In the recent case of Mears v Costplan  EWCA Civ 502, the Court of Appeal provided significant clarity as to how courts should interpret the widely used but seldom defined term, “practical completion” in the context of construction contracts. In essence, it was held that practical completion should only be prevented by patent defects (i.e. those that can be discovered by reasonable inspection) where such defects are considered “more than trifling.”Read More
On 1 March 2019 the NEC published a revision to the NEC4 suite of contracts, first published in June 2017. Whilst generally focused on addressing typographical errors and/or terminology corrections, a more significant amendment has been made to clause 63.5 – a new clause introduced in NEC4 but subsequently critiqued for a lack of clarity.Read More
The December 2018 decision in University of Warwick v Balfour Beatty Group Ltd  EWHC 3230 (TCC) provides valuable insight into how courts could interpret “Practical Completion” – a central concept in most construction contracts, but one that often lacks clarity and/or definitional precision.Read More
K&L Gates was delighted to participate in the FPSO Europe Congress 2019 in London 19-20 February, 2019. K&L Gates partner Jeremy Farr chaired roundtable discussions on developing strategies for successful construction or conversion projects and spoke in plenary on the lessons the industry can learn to protect budgets based on his many years’ of experience of FPSO construction/conversion disputes.
Click here to access Jeremy’s presentation, “Experiences of FPSO/Construction Disputes: Learning the Lessons to Protect Budgets”
Click here to see a sneak peek into into Day 1 of the conference!
Standard form building contracts play an important role in many construction and engineering projects. There are various advantages to using standard form contracts (as further detailed below), with a wide array of standard forms available to suit the particular types of parties, works and procurement routes involved in virtually all construction and engineering projects.Read More
By Kevin Greene and Saya Lee
In an eagerly awaited judgment, the Court of Appeal upheld the TCC’s judgment in Grove Developments Limited v S&T (UK) Limited, confirming that the employer may adjudicate to establish the “true value of the sum due” in a second adjudication.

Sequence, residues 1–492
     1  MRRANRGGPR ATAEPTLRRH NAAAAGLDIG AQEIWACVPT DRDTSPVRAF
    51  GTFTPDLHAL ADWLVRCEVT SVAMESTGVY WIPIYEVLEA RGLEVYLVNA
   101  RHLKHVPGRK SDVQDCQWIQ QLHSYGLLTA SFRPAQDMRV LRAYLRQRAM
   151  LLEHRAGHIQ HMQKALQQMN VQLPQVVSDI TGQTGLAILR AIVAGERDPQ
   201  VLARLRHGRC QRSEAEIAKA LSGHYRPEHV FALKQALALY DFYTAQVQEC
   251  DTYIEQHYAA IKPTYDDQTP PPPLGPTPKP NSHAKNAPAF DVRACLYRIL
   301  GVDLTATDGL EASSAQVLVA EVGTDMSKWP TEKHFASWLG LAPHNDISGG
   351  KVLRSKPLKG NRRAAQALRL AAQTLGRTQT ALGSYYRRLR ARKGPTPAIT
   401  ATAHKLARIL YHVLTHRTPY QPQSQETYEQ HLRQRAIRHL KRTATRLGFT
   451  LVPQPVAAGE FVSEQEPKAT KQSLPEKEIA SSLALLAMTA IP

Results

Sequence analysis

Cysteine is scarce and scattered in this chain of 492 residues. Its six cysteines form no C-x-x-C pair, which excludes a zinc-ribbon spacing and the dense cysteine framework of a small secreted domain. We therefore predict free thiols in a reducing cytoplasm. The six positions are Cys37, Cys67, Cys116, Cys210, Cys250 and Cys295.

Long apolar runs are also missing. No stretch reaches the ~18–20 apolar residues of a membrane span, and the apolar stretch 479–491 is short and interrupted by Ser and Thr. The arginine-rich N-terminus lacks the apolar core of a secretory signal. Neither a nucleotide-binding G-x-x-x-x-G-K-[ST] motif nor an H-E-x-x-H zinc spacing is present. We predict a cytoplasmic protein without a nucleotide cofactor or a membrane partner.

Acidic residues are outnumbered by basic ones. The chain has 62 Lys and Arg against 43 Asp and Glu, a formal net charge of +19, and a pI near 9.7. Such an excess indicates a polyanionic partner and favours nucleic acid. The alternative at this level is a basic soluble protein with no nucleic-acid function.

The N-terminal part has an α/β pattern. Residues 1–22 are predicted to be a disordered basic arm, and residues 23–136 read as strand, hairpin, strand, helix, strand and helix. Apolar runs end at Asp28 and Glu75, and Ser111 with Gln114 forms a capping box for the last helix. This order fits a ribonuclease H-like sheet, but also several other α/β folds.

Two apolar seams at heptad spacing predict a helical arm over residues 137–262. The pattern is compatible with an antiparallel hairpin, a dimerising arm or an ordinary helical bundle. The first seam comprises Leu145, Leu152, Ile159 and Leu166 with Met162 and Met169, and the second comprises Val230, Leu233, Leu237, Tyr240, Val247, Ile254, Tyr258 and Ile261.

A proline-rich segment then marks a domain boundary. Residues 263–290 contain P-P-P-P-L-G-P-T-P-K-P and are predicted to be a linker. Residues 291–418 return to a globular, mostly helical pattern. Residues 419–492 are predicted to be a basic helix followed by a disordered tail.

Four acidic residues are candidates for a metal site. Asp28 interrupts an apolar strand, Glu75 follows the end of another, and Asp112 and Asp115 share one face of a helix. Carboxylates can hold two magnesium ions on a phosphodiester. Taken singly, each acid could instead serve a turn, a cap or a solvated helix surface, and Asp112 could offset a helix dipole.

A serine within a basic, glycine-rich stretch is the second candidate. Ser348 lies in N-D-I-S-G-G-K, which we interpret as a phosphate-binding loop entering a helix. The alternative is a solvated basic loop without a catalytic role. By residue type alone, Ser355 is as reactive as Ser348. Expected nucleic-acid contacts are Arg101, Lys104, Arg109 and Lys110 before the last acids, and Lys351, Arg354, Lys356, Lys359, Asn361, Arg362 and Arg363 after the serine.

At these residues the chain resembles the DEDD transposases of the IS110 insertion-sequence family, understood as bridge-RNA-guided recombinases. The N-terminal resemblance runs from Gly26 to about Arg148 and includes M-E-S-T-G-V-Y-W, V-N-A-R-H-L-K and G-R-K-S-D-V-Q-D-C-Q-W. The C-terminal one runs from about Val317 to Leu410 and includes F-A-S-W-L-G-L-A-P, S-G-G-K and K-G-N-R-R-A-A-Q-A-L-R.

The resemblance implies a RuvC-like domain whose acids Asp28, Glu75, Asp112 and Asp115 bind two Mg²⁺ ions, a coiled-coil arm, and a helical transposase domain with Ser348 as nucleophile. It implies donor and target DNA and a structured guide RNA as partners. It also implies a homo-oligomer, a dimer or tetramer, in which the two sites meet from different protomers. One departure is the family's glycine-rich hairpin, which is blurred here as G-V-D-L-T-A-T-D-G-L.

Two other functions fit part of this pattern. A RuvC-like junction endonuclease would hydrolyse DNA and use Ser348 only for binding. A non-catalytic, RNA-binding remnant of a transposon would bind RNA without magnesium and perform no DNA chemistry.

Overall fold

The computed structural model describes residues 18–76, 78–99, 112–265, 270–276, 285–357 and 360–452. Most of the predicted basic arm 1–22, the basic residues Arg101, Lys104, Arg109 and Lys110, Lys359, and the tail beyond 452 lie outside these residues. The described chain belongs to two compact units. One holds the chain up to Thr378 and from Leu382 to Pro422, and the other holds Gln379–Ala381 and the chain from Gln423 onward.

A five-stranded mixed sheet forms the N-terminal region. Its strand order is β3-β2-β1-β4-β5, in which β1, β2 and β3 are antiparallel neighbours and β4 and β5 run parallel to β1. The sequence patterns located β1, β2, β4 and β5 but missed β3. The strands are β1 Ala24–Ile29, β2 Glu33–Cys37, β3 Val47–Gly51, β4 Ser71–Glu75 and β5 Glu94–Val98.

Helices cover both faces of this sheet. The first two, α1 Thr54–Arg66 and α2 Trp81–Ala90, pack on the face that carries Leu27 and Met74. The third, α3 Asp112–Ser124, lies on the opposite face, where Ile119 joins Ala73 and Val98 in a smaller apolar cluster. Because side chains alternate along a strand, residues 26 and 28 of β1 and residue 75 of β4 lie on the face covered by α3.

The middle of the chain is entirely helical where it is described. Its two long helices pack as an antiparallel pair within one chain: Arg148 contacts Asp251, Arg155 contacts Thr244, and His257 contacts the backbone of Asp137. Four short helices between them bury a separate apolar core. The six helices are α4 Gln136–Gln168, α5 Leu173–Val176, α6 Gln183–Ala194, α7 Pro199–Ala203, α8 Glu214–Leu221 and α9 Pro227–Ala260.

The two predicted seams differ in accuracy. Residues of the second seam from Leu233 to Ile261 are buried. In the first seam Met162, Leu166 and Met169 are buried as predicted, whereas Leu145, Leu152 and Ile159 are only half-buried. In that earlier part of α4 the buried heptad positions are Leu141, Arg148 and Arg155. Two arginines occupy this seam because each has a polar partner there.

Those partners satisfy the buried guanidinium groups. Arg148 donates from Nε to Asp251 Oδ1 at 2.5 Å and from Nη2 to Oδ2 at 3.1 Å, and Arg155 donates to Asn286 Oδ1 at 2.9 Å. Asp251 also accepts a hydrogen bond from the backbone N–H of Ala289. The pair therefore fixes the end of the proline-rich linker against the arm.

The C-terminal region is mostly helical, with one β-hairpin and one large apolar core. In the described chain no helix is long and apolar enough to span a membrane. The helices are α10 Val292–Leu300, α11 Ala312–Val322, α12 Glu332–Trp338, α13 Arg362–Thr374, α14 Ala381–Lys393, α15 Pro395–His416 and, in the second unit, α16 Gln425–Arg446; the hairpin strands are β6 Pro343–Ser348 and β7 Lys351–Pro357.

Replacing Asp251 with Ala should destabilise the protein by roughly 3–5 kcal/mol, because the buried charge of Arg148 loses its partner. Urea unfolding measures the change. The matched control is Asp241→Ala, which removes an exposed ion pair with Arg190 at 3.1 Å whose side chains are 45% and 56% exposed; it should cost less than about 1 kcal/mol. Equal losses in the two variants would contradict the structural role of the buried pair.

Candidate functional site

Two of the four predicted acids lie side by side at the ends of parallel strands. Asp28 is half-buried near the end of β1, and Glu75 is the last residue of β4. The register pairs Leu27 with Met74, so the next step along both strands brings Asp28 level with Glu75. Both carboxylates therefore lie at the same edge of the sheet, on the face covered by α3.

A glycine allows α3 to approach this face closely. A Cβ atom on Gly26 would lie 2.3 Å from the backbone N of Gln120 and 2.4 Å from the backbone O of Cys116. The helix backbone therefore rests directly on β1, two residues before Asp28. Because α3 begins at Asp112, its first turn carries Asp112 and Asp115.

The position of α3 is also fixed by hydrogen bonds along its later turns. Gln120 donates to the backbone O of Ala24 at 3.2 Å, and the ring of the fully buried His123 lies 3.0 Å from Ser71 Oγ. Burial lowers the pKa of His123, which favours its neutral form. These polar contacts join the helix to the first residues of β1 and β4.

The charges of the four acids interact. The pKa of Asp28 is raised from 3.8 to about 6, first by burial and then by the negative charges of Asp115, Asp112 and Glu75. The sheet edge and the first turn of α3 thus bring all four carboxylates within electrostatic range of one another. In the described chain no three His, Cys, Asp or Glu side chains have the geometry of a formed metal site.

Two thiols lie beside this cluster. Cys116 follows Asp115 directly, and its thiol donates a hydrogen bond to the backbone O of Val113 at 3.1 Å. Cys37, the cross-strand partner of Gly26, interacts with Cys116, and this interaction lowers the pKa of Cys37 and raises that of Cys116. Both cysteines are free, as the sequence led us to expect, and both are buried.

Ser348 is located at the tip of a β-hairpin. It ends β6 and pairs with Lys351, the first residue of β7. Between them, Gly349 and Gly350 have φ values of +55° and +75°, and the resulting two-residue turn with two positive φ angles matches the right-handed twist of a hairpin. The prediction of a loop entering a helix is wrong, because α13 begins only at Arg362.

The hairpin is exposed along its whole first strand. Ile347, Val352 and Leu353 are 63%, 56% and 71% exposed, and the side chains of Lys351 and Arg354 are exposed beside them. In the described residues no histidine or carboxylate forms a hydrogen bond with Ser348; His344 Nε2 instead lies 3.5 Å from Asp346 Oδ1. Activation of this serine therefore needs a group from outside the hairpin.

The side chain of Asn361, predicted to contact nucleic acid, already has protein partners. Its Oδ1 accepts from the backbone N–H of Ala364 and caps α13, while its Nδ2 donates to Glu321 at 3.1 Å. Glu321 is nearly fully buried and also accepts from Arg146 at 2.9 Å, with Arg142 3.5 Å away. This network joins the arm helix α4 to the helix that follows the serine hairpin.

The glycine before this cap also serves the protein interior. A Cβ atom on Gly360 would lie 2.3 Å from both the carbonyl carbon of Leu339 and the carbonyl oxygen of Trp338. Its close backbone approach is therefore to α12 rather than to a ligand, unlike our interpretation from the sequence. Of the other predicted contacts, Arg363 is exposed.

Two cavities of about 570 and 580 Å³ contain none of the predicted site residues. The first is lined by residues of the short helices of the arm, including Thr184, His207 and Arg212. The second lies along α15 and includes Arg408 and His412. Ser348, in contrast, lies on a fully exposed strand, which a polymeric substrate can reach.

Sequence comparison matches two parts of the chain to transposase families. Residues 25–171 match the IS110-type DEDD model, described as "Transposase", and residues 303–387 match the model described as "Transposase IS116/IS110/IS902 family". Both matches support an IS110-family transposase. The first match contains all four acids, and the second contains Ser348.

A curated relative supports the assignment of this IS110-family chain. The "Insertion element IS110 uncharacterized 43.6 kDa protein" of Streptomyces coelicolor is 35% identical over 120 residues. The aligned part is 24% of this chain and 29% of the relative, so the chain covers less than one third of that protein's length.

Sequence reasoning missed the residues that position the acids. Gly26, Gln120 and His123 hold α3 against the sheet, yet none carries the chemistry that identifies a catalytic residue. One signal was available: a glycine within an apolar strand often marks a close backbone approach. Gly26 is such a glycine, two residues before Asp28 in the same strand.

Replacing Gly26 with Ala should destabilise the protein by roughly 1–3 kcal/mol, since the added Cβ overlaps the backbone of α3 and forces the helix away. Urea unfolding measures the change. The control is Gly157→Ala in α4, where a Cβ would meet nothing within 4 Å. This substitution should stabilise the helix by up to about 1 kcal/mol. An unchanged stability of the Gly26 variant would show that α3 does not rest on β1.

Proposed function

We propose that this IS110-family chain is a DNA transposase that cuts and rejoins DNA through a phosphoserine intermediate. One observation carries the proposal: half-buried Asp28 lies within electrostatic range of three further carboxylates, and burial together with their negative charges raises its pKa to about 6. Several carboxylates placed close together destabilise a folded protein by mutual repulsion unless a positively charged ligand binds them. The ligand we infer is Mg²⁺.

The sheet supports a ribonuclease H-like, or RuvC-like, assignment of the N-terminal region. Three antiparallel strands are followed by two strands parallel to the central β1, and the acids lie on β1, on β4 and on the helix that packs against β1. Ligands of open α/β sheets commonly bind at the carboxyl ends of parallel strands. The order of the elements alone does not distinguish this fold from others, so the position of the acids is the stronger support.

In March 2015, Grove Developments Limited (“Grove”) engaged S&T (UK) Limited (“S&T”) to design and build a new hotel at Heathrow Airport under the JCT Design and Build Contract 2011 with amendments, for a contract value of £26.4m. Following a delay of over 5 months, practical completion was achieved in March 2017. The parties subsequently conducted an adjudication to decide if Grove’s pay less notice dated 18 April 2017 was invalid on the basis that it was served late.The adjudicator decided, in S&T’s favour, that the pay less notice was invalid.Read More
The judgment of O’Farrell J in Swansea Stadium Management Co. Ltd v Swansea City and County Council ( EWHC 2192 (TCC)) provides guidance on collateral warranties and acts as a warning for any potential claimants to be mindful of any limitations of time in which to commence proceedings under them.Read More
It is difficult to imagine a complex infrastructure project without the participation of subcontractors. In Poland, where large projects are often contracted to foreign companies, local subcontractors play an important role. This was also the case prior to the EURO 2012 football championships, when subcontractors were heavily engaged in the construction of roads and railways necessary to secure access to the newly built football stadiums. However, the EURO 2012 also resulted in a wave of bankruptcies and liquidations of Polish subcontractors, who suffered due to payment withholding, warranty deposits, contractors’ bankruptcies and lack of financial liquidity along the supply chain.
The European Commission (“Commission”) presented this initiative in the context of a proposed revision of the EU framework on consumer protection. The “Package” (as the name goes when several independent legal texts are intended to be negotiated together) called “New Deal for Consumers,” builds on the Commission review of consumer law rules that was conducted as part of the so called Regulatory Fitness and Performance Program (REFIT). This is a policy program intended to keep EU law simple, removing unnecessary burdens and adapting existing legislation without compromising on policy objectives.